When looking at a space acoustically, the same principles from 50 years ago still apply today. Although architectural and interior design styles have changed – along with the way we use spaces, and the equipment in them – good acoustical design is still an integral part of making the space fulfill its purpose. Whether we’re looking at retail space, a restaurant, open-plan offices, a videoconference room, a theater, a courtroom, an educational space, medical space, or another facility space, the implementation of an acoustical ceiling is one of many practical ways to help achieve acoustical success. It can provide necessary absorption, reflection, or isolation and can be cost effective and environmentally friendly as well.
The application of acoustical principles to the built environment acknowledges that the purpose of that space is to facilitate communication and community – the basis of what we call “acoustically reinforced architecture.” The good news is that aesthetics don’t need to be sacrificed for the sake of good acoustics (nor vice versa). There are many product options on the market that are compatible with a wide variety of design approaches. As awareness of the importance of acoustics grows, the need for new acoustical solutions is required for new or unique applications. Manufacturers are continually working to provide products that are attractive to their client base. For instance, there are numerous fabric- or plaster-faced ceiling products that have the appearance of gypsum board. These products maintain a high acoustical performance while allowing more design freedom. They avoid the 2-foot by 2-foot grid look and replace it with the seamlessness of sheetrock. Other products – for instance, those made of perforated wood – can provide a warm feeling while being acoustically helpful (and a renewable resource).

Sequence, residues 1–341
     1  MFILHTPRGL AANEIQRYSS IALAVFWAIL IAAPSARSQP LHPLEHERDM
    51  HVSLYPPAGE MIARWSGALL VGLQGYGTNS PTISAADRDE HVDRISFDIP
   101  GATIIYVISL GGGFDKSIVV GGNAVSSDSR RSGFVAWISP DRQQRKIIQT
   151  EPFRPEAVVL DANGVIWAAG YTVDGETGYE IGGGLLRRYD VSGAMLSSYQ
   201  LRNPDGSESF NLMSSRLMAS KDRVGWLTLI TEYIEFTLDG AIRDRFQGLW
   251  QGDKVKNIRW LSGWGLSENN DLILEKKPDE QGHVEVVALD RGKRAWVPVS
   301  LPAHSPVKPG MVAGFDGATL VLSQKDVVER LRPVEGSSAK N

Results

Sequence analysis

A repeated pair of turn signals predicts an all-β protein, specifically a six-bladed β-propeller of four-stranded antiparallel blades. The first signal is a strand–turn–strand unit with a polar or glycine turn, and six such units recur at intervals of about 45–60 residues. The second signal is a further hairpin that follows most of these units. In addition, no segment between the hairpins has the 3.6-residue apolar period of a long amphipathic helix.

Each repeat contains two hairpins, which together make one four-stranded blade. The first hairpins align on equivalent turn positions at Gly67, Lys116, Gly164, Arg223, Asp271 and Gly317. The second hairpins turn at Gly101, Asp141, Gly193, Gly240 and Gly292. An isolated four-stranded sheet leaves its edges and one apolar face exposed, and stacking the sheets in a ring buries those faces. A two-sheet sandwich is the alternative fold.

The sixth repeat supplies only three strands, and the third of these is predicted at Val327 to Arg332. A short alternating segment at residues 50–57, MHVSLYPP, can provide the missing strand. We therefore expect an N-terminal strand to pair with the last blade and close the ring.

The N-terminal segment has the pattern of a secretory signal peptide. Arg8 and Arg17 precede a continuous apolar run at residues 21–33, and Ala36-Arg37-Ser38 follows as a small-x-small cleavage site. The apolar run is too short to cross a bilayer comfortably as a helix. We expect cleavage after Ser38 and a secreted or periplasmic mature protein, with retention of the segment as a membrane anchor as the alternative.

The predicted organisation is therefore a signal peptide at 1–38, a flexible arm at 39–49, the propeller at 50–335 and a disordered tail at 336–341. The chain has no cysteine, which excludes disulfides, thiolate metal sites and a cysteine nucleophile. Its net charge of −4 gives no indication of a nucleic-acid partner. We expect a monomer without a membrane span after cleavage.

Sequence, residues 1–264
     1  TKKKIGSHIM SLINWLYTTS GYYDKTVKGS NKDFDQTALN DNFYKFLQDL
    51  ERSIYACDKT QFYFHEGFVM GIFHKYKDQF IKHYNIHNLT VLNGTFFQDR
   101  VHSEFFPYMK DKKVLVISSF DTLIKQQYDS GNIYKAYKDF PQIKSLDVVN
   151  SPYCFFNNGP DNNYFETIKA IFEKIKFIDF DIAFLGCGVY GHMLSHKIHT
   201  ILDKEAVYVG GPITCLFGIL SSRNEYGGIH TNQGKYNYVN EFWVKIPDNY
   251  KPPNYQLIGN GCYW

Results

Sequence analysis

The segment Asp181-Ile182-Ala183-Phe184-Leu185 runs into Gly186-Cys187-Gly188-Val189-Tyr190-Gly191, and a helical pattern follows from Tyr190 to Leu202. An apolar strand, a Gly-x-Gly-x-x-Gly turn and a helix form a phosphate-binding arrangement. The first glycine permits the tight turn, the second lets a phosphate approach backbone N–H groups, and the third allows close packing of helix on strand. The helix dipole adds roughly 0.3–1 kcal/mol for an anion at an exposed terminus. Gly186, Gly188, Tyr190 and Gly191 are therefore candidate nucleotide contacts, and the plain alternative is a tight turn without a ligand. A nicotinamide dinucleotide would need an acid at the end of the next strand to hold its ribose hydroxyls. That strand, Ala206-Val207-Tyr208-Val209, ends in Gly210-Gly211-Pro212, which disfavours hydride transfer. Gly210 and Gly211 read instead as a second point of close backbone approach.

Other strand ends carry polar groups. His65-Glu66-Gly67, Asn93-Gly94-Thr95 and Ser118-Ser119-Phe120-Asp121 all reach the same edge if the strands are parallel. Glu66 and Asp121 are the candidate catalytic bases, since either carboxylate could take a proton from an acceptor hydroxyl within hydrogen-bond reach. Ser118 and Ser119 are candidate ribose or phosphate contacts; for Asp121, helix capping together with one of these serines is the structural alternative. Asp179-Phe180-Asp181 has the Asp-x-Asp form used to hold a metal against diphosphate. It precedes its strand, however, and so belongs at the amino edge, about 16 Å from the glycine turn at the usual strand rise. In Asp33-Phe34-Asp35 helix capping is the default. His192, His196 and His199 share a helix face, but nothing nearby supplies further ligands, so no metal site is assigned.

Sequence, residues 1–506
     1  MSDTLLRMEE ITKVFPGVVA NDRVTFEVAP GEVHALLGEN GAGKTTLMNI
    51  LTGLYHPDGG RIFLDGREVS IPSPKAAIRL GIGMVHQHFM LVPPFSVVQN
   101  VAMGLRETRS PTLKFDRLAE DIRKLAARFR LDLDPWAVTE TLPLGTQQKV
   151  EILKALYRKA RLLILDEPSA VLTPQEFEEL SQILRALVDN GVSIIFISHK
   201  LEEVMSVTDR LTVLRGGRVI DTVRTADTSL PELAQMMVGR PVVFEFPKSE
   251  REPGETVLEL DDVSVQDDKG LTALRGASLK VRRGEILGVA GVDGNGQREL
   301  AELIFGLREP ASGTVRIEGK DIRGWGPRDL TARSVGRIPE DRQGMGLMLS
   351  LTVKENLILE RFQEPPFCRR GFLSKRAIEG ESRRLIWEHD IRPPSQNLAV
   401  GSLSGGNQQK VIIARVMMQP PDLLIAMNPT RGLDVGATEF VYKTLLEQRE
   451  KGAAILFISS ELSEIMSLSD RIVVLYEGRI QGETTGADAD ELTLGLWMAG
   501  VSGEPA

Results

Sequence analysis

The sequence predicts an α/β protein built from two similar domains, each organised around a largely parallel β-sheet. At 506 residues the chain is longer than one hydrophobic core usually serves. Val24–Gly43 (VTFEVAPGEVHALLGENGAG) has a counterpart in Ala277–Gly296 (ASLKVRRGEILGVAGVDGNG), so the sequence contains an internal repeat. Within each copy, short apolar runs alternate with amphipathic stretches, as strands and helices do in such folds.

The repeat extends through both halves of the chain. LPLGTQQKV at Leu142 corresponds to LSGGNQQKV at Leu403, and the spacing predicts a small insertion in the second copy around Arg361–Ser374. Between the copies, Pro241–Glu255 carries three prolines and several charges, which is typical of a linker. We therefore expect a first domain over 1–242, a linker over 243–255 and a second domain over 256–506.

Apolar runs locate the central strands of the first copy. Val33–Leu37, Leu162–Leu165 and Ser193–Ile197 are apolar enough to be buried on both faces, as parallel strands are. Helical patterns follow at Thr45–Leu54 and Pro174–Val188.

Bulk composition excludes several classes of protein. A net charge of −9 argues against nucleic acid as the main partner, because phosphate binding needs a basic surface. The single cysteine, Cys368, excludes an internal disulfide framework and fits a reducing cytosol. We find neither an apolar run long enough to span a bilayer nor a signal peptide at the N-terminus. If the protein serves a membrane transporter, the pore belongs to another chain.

In building design, environmental quality is being taken into consideration now more than ever, often translating into spaces with higher ceilings, more window surface area, and greater airflow. This provides better lighting and ventilation, and earns LEED points, but also has the potential to increase mechanical noise and decrease speech privacy. Products with mineral fiber backing can prove especially useful in reducing the build-up of noise and acoustically isolating spaces. They provide the absorptive characteristics of an acoustical ceiling tile (ACT) while providing better sound isolation than the typical ACT.
In many design cases where acoustical absorption is necessary, a good broadband absorber is the optimal solution. This is difficult to find in many absorptive products that are attached directly to a surface because of inadequate absorptive properties at low frequencies; however, the air cavity created when suspending a ceiling grid below a structure allows great absorption at low frequencies. When coupled with an absorptive product that performs well at mid and high frequencies, it’s a great broadband absorber.
Keep in mind that acoustical ceiling products are a great boon, but must be part of an overall design solution for the best results. In other words, the room still needs to be optimally designed for good acoustics. Ceiling tiles are part of the strategy, but not a fix-all.
Justin Meyer is a consultant at Thorburn Associates Inc., which has offices in northern and southern California, and North Carolina. He can be reached at firstname.lastname@example.org or (919) 463-9995.